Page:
Fire-bellied Toad

Oriental Fire-bellied Toad, Bombina orientalis

fire_bellied_toadDescription: This small toad species reaches an adult size of 50mm. The dorsal surface of the skin is bright green and black with raised tubercles. These tubercles are poison glands contained underneath the skin and if disturbed the toads can exude a mildly toxic secretion. Their primary way of defending themselves is to show their bright orange feet and belly, from which they get their common name. If approached by a predator the toads lift up the head and raise up the underside of the hands and feet, displaying their bright colour as a warning. In the wild they are semi-aquatic and spend much of their time floating on the surface of ponds. They also hibernate from September to April when the weather is much too cold to sustain their activity.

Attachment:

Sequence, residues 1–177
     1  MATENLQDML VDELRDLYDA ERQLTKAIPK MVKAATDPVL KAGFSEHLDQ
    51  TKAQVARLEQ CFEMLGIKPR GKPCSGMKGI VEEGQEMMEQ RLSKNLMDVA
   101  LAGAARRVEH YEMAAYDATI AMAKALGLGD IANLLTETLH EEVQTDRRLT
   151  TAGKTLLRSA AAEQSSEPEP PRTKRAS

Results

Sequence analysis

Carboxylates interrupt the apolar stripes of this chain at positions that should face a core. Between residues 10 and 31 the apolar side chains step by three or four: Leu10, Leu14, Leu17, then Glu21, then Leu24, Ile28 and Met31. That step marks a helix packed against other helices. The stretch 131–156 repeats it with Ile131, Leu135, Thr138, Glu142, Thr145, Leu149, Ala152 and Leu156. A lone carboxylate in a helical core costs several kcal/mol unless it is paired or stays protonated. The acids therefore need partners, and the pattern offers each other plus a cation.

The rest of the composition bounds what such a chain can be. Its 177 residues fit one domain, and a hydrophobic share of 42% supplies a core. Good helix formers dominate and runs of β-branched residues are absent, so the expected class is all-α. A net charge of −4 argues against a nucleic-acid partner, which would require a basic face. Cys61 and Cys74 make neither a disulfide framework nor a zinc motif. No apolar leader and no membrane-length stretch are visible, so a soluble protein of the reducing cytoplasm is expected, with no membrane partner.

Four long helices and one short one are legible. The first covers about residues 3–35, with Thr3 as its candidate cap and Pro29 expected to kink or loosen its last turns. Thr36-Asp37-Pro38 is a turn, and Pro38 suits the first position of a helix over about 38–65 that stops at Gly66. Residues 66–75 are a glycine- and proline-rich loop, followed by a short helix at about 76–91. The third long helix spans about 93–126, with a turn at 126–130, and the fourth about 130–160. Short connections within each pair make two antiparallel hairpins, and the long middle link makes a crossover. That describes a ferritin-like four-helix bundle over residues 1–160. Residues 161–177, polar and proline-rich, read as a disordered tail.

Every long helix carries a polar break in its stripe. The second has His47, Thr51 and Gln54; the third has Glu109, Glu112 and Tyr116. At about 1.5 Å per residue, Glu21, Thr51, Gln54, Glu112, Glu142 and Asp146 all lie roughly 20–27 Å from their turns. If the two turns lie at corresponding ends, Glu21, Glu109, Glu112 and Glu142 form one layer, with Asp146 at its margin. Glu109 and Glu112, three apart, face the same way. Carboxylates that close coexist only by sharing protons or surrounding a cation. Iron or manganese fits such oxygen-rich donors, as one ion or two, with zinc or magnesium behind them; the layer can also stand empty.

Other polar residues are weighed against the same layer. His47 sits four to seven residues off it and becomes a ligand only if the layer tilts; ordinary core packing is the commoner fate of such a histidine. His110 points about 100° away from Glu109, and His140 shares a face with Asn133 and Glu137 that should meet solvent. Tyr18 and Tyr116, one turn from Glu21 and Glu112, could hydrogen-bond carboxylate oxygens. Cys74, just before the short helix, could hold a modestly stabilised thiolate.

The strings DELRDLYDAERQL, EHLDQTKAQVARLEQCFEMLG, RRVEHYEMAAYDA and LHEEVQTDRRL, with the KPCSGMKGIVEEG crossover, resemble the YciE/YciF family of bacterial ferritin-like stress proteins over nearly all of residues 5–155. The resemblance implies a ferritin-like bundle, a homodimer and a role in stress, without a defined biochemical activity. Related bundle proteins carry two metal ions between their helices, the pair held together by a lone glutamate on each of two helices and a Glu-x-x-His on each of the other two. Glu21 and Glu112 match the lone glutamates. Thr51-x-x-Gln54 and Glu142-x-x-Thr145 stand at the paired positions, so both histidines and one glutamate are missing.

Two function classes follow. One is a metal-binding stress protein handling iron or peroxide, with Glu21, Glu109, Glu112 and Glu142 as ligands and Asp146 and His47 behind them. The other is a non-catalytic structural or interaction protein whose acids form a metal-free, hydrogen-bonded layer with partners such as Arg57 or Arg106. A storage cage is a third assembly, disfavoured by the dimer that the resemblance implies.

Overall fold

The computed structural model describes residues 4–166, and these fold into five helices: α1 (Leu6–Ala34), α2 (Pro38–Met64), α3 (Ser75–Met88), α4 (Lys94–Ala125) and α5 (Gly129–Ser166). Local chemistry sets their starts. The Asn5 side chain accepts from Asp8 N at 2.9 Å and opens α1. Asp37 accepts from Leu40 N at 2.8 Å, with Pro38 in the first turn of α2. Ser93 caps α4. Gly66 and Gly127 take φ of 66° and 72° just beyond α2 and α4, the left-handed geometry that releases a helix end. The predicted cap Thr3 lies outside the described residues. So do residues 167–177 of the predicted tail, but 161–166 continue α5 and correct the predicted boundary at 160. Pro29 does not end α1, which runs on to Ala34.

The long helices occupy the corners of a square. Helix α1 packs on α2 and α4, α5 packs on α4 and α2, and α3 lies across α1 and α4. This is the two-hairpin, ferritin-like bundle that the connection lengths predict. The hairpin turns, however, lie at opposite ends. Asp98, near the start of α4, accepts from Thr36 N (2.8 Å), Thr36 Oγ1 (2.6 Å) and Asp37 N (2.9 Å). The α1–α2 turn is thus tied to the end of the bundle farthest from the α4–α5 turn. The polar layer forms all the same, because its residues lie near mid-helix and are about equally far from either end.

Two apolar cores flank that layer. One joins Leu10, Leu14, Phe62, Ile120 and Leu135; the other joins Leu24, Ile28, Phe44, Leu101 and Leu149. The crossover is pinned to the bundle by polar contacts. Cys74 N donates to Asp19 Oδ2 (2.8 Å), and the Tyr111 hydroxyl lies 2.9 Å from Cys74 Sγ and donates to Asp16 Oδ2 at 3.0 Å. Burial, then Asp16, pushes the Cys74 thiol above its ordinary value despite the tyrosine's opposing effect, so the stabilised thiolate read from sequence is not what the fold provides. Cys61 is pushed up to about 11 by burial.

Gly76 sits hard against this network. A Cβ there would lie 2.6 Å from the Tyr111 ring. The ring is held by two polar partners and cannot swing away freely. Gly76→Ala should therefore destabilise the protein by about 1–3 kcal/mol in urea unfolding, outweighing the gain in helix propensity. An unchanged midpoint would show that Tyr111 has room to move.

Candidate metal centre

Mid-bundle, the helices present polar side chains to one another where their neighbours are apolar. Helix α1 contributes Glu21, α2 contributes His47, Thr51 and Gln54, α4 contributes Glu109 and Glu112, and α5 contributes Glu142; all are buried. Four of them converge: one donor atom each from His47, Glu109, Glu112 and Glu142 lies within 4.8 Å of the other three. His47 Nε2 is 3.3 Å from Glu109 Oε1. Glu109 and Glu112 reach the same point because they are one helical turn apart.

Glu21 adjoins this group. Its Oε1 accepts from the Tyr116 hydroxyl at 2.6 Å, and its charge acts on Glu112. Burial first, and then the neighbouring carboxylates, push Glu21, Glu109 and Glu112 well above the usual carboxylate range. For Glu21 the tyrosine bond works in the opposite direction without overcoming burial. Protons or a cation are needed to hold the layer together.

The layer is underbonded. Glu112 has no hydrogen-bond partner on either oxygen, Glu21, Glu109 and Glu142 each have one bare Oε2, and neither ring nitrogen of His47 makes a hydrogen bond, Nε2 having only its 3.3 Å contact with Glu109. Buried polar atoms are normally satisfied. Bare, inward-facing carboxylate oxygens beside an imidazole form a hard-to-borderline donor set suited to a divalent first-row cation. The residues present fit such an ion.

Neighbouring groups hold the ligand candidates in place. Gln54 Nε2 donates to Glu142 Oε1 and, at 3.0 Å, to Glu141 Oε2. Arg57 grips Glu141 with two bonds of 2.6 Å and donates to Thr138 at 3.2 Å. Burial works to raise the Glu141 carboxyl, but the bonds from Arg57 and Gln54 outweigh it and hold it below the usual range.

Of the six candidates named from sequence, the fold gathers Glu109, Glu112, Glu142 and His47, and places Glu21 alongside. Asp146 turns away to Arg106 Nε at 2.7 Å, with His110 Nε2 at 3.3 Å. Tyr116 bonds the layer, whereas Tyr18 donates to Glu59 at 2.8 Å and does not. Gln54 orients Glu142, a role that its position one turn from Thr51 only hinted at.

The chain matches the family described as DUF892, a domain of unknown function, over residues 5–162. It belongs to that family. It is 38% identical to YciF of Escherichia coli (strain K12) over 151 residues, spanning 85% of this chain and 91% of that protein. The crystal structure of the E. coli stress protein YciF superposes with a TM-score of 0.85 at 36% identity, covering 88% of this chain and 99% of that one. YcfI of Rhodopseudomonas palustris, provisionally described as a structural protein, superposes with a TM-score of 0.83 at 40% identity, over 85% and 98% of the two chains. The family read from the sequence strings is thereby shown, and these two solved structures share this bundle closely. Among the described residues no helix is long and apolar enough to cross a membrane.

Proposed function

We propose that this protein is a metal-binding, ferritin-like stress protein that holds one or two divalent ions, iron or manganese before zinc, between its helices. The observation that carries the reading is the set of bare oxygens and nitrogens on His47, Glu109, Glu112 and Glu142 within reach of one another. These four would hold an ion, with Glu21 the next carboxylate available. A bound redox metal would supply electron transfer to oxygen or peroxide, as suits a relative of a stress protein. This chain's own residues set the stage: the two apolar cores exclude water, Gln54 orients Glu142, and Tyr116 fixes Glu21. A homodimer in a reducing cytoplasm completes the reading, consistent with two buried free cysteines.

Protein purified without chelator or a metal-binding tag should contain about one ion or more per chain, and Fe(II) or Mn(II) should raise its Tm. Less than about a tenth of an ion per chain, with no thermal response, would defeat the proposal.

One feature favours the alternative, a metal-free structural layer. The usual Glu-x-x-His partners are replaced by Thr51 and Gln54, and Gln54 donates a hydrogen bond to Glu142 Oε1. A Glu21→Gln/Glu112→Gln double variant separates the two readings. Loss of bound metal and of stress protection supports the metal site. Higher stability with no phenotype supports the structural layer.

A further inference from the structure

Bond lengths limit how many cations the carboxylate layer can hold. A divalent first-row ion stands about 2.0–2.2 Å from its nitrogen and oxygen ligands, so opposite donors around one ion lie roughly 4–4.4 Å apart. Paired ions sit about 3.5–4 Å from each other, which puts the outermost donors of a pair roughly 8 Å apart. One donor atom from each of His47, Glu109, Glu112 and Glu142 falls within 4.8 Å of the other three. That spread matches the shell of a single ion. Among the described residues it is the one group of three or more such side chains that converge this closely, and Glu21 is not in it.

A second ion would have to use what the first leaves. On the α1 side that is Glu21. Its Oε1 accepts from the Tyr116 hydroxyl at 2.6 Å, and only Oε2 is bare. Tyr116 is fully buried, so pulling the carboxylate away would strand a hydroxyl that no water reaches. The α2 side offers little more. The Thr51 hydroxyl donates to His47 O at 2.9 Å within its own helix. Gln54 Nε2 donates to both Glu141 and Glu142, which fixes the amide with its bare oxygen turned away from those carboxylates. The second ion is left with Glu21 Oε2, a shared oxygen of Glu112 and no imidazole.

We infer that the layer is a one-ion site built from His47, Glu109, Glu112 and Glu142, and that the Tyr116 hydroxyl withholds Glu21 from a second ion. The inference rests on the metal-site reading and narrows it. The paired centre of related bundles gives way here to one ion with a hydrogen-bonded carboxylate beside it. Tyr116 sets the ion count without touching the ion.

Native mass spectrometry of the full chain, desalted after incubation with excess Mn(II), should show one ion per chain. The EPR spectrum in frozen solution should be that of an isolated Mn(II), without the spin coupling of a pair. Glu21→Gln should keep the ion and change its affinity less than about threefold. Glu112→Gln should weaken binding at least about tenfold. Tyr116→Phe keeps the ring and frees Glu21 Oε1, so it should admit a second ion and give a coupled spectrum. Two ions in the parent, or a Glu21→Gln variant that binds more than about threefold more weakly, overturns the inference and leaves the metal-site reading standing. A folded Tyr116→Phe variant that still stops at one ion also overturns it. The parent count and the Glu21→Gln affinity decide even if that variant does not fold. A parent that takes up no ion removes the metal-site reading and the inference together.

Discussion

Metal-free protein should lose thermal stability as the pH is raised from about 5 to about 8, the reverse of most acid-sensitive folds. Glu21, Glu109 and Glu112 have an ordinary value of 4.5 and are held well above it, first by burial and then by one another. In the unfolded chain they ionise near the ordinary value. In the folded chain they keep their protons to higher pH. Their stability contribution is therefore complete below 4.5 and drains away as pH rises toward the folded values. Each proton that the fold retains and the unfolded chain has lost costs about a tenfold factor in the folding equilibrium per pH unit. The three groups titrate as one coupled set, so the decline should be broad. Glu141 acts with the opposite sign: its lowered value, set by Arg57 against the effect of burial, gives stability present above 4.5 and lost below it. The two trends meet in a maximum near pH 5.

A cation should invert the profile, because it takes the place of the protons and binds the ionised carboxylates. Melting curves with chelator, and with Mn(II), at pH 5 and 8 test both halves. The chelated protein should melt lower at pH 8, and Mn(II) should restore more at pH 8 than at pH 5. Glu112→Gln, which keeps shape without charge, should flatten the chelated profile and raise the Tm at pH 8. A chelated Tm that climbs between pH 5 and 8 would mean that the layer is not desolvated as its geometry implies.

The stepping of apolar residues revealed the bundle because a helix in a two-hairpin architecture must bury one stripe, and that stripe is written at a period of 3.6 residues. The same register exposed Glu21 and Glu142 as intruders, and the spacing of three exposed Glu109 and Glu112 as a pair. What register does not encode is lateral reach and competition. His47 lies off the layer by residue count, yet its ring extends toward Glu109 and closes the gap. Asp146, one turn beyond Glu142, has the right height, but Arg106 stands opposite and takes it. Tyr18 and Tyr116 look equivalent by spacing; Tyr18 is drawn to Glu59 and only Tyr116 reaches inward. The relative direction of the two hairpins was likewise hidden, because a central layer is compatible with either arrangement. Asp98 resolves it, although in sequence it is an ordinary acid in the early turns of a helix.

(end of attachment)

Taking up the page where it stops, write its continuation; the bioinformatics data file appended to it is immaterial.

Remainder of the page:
Reproduction: After emerging from hibernation in late April, these toads soon start appearing at the breeding sites that are deemed suitable. They are opportunistic toads, and other than ponds they may also be found breeding in rice paddies, swamps, streams, the edges of lakes and even roadside ditches. They are capable of laying many as 250 eggs in a single spawning. These can take up to 2 months to develop into tadpoles. The tadpoles diet consists of a wide variety of food, and they usually metamorphose into frogs within 1 – 2 months.

Diet: Small invertebrates, worms.

Distribution: China, Korea, Eastern Russia.

Conservation status: Least Concern.

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